On Life of Pi

2013/01/30 § 5 Comments

(This is quickly translated from Norwegian.)

(I have so many blog posts planned, hahaha, three books and three concerts, who’s got time for coursework?)

Okay, so I finished reading Life of Pi. And I still don’t believe in a God/gods.

My favourite quote is “be excessively reasonable and you risk throwing out the universe with the bathwater”, there are some more quotes at the end of the post. They are probably helpful if one is trying to form an opinion on what kind of book this is, and why I like it.

There might be some minor spoilage in my text and there’s one paragraph which has major spoilers, but I’ll write that there are spoilers before and after etc. I’ll even see if I can find, y’know, the spoiler marking thing that they have at the IMDB forums and stuff. WordPress probably has fancy stuff like that.

Part one of the book was really annoying. I mean, I don’t mind all the God talk, it has its moments, but his views on zoos made me want to poke the narrator in the ribs just to tell him to shut the fuck up and leave me alone. It doesn’t matter than animals have no raison d’être in the zoos cause everyone and everything is inherently lazy and as long as we’re all able to procreate we’re happy? I call bullshit. Pretty sure I have issues when it comes to the pure biological evolutionary theory (which might be because of a) feminism or b) spiritualism or c) me being stubborn). Anyway, seeing as this was the first book of the year, I couldn’t really stop reading it even though I really really wanted to. Part one took me ages.

The book takes a turn for the better when the ship sinks (ooops, spoiler) and he’s in the lifeboat. The second part was really enjoyable, I had a good time reading it. In particular, I found the island fascinating. Not too keen on all the sharks, though. Really can’t handle sharks very well. Regardless, the ocean part of the book was intriguing and well described (IDK) – I think I need to go see the movie just to have a visual aid for all the beautiful scenery.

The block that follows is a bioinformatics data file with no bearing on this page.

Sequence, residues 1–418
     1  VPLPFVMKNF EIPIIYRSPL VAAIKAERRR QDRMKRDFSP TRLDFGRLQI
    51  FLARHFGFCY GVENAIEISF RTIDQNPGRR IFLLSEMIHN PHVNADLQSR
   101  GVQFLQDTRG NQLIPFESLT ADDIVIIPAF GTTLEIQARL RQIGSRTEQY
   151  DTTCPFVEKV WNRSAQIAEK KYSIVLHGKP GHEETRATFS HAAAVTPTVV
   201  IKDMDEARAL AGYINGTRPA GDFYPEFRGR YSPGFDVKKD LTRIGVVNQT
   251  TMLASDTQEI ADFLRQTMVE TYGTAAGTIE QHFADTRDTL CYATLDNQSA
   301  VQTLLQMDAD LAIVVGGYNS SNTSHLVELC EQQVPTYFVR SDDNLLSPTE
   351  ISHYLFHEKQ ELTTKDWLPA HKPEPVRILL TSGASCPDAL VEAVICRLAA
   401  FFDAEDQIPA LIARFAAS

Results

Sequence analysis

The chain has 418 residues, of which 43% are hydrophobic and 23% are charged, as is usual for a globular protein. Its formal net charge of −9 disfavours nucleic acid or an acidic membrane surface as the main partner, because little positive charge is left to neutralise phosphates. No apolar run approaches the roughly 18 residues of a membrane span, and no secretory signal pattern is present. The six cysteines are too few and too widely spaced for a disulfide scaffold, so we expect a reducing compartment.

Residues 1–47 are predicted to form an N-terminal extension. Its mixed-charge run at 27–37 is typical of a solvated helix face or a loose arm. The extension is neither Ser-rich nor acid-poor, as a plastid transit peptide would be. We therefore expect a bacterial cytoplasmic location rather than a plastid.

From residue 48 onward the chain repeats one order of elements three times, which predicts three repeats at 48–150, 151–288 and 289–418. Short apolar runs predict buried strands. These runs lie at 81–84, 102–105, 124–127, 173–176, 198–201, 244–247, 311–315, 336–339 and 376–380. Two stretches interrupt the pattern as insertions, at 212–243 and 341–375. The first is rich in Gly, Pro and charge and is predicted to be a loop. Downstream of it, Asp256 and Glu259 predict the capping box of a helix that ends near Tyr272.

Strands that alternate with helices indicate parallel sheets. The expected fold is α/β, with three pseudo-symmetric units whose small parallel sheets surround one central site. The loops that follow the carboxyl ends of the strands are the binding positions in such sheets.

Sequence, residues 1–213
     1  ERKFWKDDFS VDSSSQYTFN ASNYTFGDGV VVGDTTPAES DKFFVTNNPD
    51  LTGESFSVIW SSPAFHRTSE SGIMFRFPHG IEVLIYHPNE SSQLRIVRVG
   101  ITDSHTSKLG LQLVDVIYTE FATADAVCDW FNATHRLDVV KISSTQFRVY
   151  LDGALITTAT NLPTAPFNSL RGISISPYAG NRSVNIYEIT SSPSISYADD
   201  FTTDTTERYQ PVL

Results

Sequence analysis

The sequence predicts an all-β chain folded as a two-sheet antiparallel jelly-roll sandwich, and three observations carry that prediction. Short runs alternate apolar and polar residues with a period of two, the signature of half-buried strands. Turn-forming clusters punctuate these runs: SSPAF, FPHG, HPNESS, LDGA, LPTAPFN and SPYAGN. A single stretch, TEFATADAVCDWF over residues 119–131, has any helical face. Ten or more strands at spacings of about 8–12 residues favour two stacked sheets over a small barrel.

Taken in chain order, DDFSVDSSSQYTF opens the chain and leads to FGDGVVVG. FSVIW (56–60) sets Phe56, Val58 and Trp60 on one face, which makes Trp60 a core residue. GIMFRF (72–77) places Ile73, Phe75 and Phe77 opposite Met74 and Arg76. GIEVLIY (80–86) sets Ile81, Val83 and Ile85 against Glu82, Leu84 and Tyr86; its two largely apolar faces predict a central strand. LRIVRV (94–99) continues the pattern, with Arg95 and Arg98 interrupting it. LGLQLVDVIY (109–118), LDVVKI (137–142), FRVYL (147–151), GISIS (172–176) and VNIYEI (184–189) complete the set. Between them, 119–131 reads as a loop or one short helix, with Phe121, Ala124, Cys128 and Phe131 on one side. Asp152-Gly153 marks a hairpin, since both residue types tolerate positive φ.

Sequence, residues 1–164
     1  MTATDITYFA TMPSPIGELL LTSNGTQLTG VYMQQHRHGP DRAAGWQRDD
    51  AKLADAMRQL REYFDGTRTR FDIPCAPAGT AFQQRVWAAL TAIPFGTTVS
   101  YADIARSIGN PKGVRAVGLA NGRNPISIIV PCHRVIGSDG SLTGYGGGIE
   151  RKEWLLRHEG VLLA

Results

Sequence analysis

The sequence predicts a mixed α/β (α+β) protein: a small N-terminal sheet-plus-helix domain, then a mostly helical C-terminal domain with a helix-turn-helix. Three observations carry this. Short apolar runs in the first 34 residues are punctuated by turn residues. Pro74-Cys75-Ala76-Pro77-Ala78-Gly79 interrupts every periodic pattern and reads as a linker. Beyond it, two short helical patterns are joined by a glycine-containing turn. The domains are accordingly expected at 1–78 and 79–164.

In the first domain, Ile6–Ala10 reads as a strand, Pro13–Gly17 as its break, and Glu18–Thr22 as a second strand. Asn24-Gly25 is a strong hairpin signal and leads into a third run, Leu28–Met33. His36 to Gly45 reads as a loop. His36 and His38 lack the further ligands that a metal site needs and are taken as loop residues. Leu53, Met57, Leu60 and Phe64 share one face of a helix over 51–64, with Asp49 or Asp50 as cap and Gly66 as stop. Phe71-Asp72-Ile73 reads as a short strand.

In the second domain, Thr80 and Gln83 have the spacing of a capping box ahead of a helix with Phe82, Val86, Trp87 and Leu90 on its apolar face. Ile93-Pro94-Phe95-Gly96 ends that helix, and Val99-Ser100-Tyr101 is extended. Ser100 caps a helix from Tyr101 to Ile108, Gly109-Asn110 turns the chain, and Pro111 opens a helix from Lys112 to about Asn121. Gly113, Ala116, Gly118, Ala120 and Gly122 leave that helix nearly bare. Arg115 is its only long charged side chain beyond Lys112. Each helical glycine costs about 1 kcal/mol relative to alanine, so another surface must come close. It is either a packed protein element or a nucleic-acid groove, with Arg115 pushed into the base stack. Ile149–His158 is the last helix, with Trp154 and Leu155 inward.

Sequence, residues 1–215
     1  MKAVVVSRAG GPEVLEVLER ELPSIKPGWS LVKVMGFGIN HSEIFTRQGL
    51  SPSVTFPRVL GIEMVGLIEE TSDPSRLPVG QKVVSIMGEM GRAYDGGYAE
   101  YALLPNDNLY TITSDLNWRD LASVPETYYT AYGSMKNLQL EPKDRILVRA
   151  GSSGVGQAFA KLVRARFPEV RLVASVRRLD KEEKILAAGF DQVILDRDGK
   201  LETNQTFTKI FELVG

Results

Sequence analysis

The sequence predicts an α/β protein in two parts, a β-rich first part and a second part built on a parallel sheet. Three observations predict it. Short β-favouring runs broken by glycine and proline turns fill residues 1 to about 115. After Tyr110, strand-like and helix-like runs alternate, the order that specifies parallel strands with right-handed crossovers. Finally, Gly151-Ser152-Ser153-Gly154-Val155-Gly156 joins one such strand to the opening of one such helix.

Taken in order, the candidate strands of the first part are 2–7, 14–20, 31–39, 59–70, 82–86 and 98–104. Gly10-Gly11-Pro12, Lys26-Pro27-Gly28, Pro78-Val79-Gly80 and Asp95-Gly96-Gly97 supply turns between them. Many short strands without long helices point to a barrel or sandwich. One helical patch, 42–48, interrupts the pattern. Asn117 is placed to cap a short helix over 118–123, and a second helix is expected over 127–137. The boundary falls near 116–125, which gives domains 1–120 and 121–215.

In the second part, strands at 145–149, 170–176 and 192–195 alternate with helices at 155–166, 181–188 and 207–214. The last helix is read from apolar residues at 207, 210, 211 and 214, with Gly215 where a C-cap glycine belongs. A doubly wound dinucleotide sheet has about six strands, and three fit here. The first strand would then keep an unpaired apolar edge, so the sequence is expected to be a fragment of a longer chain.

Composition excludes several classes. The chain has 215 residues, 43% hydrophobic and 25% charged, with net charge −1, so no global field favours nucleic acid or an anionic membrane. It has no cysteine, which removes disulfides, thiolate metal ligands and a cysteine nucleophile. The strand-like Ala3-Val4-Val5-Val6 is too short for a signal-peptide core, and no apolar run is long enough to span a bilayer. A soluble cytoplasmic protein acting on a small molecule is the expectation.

The third part, or the end, or whatever, again, really pissed me off. When he tells the second story I really got quite panicky. “Oh, no, damn you world which creates boys with well-developed imaginations to confuse us mortals”. But then I realised that you can CHOSE what story you believe in and that made me happy for a couple of minutes, until I started wondering if the first (the longest, the biggest, the one with animals) story was the most believable one to me because I only see the good in people (which I don’t, just ask anyone). But then I remembered the blind French cannibal. Then I figured that maybe your choice of which story to believe reflects your ability to believe in God. That made me slightly sad.Hvis du har lest boken, eventuelt sett filmen hvis det er med der, hvilken historie tror du på, og hvorfor?


So that’s the first book of 2013. It was kinda good, not the biggest revelation, but better than some other books. Y’know. This is so hard.

You should read it if a sunset could make you cry, or you could look at the starry night sky for hours, or you don’t understand people who don’t agree with the world being really fucking stunning and that nothing ever can be more beautiful than the moon.